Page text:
Improved asymmetric locality sensitive hashing for maximum inner product search
 Like many other papers, this one is based on a long lineage of localitysensitive hashing papers.
 Key innovation, in [23] The power of asymmetry in binary hashing, was the development of asymmetric hashing  the hash function of the query is different than the hash function used for storage. Roughly, this allows additional degrees of freedom since the similarityfunction is (in the nonnormalized case) nonsymmetric.
 For example, take query Q = [1 1] with keys A = [1 1] and B = [3 3]. The nearest neighbor is A (distance 2), whereas the maximum inner product is B (inner product 6).
 Alternately: selfinner product for Q and A is 2, whereas for B it's 18. Selfsimilarity is not the highest with inner products.
 Norm of the query does not have an effect on the arg max of the search, though. Hence, for the paper assume that the query has been normalized for MIPS.
 In this paper instead they convert MIPS into approximate cosine similarity search (which is like normalized MIPS), which can be efficiently solved with signed random projections.
 (Established): LSHL2 distance:
 Sample a random vector a, iid normal N(0,1)
 Sample a random normal b between 0 and r
 r is the window size / radius (free parameters?)
 Hash function is then the floor of the inner product of the vector a and input x + b divided by the radius.
 I'm not sure about how the floor op is converted to bits of the actual hash  ?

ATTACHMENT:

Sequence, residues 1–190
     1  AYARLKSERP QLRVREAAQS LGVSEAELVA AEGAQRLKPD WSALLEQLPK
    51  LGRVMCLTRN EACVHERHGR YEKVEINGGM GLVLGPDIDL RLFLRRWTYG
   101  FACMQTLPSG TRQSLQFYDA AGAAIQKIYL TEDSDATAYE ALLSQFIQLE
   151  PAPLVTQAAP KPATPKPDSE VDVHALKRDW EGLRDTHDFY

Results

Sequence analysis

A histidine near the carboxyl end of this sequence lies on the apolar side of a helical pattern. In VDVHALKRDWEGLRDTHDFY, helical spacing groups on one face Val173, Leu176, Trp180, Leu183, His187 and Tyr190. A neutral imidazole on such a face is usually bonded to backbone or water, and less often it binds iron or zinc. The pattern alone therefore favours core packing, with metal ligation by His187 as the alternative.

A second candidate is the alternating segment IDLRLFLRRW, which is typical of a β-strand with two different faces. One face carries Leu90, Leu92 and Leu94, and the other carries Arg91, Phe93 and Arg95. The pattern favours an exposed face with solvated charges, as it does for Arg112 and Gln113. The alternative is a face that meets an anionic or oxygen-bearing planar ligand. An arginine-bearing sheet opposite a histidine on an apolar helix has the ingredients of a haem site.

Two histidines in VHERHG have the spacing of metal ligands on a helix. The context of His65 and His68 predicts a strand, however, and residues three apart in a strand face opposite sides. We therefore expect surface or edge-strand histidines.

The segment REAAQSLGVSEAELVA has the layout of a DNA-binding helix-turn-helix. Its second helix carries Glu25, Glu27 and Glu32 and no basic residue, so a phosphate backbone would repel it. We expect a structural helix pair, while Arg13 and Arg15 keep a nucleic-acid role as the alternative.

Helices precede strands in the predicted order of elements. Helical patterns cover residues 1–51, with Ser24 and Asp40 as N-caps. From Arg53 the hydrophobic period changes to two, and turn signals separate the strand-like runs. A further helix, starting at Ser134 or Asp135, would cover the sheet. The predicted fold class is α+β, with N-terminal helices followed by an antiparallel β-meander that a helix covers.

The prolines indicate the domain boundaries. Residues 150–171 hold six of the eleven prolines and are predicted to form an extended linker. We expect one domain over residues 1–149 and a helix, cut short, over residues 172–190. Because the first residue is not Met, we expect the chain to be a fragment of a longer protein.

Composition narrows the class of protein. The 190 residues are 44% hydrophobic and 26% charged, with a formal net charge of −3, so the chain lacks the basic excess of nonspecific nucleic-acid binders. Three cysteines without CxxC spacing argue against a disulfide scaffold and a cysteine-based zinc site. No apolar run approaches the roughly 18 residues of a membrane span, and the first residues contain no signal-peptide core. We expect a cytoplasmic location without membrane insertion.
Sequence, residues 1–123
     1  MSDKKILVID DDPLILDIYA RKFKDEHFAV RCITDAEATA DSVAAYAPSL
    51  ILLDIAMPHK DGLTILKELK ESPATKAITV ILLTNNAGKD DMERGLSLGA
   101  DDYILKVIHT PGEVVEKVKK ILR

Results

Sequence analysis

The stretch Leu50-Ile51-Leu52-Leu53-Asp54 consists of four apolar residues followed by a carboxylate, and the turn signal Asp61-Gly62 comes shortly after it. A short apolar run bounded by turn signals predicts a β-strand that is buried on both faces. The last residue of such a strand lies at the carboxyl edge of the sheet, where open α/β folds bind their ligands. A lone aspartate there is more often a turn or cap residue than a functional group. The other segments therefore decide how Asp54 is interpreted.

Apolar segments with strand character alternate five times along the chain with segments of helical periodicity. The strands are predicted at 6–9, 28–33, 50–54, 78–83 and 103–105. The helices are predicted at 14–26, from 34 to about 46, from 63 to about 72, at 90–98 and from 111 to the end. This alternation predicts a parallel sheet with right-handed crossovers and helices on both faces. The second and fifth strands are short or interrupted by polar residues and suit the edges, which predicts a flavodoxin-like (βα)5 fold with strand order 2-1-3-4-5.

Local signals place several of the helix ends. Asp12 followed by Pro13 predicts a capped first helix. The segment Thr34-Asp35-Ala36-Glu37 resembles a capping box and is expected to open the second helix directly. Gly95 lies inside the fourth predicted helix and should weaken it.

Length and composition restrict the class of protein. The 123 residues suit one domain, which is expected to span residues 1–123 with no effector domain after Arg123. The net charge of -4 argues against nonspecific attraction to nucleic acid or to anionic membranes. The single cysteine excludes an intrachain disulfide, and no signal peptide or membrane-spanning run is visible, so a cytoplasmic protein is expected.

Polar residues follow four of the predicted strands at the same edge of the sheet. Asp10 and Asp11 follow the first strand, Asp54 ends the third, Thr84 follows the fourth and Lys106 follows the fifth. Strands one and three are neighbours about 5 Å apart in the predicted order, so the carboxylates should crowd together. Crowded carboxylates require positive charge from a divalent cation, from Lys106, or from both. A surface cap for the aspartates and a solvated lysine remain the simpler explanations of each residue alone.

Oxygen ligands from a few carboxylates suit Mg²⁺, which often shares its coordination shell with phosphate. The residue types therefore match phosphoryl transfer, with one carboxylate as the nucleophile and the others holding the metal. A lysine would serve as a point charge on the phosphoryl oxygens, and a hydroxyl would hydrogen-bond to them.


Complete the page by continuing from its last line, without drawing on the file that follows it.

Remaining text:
(Established): LSHcorrelation, signed random projections $h^{sign}$ :
 Hash is the sign of the inner product of the input vector and a uniform random vector a.
 This is a twobit random projection [13][14].
 (New) AsymmetricLSHL2:
 $P(x) = [x;x^2_2; x^4_2; .... ; x^{2^m}_2]$  this is the preprocessing hashing of the 'keys'.
 Requires that then norm of these keys, {x}_2 < U < 1$$
 $m \geq 3$
 $Q(x) = [x;1/2; 1/2; ... ; 1/2]$  hashing of the queries.
 See the mathematical explanation in the paper, but roughly "transformations P and Q, when normas are less than 1, provide correction to the L2 distance $Q(p)  P(x_i)_2$ , making in rank correlate with unnormalized inner product."
 They then change the augmentation to:
 $P(x) = [x; 1/2  x^2_2; 1/2  x^4_2; ... ; 1/2  x^{2^m}_2]$
 $Q(x) = [x; 0; ...; 0]$
 This allows use of signed nearestneighbor search to be used in the MIPS problem. (e.g. the hash is the sign of P and Q, per above; I assume this is still a 2bit operation?)
 Then the expand the U,M compromise function $\rho$ to allow for nonnormalized queries. U depends on m and c (m is the codeword extension, and c is the ratio between otarget and offtarget hash hits.
 Tested on Movielens and Netflix databases, this using SVD preprocessing on the useritem matrix (full rank matrix indicating every user rating on every movie (mostly zeros!)) to get at the latent vectors.

 In the above plots, recall (hah) that precision is the number of true positives / number of false positives as the number of draws k increases; recall is the number of true positives / number of draws k.
 Clearly, the curve bends up and to the right when there are a lot of hash tables K.
 Example datapoint: 50% precision at 40% recall, top 5. So on average you get 2 correct hits in 4 draws. Or: 40% precision, 20% recall, top 10: 2 hits in 5 draws. 20/40: 4 hits in 20 draws. (hit: correctly within the topN)
 So ... it's not that great.
Use case: Capsule: a camera based positioning system using learning
 Uses 512 SIFT features as keys and queries to LSH. Hashing is computed via sparse addition / subtraction algorithm, with K bits per hash table (not quite random projections) and L hash tables. K = 22 and L = 24. ~ 1000 training images.
 Best matching image is used as the location of the current image.